Menus, programs and place cards (lions, tigers and bears, oh my!)
Although you’re not likely to encounter lions, tigers, and bears (oh my!) when planning your wedding, sometimes all of the emerging details are just as scary! Do we want programs? Are place cards necessary? What about weekend itineraries?
Programs are often handed out at the wedding ceremony. They include information such as the order of the service, readings, song titles etc. Additionally, couples use the programs to introduce the wedding party to their guests and as an opportunity to say a special thank you, or greeting. Sometimes pertinent reception information (such as directions or transportation information) is written on the back side.
Lots of options exist for program formatting: long and skinny, foldover booklet, tri-folds or even fans for those hot summer weddings!
Place cards and table numbers are used for seated dinners. We have a large selection of place cards and table numbers in stock that can be personalized. At If It’s paper, we are able to print the names of all of your guests on placecards ahead of time. Or we can add a custom motif to a place card, and then the names can later be added by a calligrapher.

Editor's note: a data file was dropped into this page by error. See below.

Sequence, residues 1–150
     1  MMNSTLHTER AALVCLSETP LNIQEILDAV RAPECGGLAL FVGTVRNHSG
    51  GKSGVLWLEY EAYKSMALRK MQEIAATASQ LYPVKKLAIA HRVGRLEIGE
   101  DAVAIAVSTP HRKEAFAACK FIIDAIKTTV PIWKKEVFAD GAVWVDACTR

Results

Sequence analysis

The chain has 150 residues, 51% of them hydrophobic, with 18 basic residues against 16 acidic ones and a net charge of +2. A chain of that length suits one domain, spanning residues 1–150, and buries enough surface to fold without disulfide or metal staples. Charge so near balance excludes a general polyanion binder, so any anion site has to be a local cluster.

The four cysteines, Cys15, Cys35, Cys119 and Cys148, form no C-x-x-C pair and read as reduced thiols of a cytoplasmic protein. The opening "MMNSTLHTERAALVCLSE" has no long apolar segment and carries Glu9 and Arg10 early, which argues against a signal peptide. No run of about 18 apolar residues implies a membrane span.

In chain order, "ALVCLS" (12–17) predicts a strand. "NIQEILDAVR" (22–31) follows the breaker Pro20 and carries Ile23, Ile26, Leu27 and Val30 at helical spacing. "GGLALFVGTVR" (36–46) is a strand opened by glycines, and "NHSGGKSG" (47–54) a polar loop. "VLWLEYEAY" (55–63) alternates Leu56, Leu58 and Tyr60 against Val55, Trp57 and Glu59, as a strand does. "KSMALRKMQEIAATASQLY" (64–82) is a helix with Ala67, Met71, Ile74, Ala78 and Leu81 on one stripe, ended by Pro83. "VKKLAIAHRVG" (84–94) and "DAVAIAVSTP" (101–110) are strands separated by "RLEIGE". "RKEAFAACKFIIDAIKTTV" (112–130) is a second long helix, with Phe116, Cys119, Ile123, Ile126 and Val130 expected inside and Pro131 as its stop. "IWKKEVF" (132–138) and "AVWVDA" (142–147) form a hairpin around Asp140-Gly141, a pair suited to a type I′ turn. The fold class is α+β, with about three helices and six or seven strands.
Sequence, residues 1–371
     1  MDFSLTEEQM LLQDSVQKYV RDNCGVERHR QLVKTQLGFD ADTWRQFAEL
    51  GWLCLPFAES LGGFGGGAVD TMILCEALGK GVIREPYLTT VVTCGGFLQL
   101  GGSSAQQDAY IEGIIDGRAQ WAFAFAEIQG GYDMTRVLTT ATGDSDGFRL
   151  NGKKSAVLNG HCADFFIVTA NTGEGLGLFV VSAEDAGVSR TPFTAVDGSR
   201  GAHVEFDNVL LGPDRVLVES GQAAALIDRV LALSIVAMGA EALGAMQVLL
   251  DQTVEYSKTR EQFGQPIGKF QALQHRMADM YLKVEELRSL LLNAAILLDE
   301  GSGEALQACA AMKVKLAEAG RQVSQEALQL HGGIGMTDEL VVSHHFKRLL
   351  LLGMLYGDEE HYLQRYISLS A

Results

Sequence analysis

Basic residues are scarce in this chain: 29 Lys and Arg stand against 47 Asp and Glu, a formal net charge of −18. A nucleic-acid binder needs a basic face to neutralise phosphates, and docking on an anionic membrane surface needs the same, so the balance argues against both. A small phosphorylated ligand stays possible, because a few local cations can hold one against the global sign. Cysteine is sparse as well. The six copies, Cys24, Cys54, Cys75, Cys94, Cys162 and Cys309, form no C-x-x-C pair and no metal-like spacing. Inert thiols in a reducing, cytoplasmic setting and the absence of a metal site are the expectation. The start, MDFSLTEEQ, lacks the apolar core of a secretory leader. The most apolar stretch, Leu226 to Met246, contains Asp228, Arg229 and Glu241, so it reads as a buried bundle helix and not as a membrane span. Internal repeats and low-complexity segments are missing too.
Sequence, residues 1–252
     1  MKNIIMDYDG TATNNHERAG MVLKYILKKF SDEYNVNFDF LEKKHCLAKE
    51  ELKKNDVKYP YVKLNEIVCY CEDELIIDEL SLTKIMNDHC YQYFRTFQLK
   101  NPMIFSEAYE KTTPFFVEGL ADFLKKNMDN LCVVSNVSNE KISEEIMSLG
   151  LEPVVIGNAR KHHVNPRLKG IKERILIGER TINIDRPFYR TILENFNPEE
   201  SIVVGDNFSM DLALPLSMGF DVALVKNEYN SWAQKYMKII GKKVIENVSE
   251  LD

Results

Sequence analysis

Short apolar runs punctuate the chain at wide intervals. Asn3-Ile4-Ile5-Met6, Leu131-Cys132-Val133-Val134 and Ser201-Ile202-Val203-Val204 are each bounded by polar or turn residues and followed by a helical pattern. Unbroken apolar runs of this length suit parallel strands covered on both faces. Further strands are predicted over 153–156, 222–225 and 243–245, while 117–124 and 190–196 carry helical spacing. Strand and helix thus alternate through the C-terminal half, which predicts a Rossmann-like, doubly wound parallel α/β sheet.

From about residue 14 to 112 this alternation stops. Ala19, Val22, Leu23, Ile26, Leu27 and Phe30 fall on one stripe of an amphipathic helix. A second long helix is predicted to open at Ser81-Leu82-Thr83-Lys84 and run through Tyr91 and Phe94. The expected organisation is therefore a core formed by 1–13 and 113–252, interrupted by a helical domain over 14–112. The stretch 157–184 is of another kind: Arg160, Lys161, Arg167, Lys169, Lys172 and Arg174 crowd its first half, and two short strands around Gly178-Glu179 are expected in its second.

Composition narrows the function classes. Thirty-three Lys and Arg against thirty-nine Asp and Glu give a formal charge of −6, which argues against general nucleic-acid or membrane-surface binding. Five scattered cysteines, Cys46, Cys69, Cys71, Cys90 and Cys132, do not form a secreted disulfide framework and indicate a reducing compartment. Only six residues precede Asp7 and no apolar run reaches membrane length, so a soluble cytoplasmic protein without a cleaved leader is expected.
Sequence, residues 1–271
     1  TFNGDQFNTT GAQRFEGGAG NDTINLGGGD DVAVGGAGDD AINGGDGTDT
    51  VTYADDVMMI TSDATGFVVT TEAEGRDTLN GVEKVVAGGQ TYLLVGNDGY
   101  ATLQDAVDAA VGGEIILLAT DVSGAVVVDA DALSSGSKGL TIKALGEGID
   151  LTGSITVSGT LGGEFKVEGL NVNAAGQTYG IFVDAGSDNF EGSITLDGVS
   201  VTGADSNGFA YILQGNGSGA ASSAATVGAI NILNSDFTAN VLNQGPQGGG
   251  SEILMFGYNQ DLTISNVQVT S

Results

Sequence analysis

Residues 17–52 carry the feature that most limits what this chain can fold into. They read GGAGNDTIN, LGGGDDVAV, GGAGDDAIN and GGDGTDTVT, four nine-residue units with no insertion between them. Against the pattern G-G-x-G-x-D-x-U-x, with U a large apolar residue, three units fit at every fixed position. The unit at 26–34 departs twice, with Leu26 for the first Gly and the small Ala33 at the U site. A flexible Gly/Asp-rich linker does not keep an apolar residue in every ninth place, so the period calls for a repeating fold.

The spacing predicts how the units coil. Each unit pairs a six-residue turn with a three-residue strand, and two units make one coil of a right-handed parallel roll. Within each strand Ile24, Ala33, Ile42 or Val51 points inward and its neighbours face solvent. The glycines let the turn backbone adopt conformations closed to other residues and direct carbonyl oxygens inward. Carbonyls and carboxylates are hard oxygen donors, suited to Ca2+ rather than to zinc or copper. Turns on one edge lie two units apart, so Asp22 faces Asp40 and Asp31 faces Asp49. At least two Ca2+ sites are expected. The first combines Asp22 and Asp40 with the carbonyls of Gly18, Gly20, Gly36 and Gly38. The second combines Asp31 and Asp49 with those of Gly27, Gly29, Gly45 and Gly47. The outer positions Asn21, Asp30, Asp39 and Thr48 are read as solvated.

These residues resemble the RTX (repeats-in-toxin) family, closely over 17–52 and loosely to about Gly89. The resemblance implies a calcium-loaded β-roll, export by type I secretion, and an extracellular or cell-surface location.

Other components for the wedding weekend we have created include welcome booklets, city guides, gift tags, favor tags, signage and more! Using the same font, color, or monogram throughout your pieces gives a cohesive flow. It adds a personal touch without getting too theme-y.
We typically work on programs about 3-4 weeks before the wedding. If you have all of your information nailed down, you can certainly start earlier. Often, though, the details don’t come together much sooner. If you can dream it, we can make it! And we promise it won’t be scary!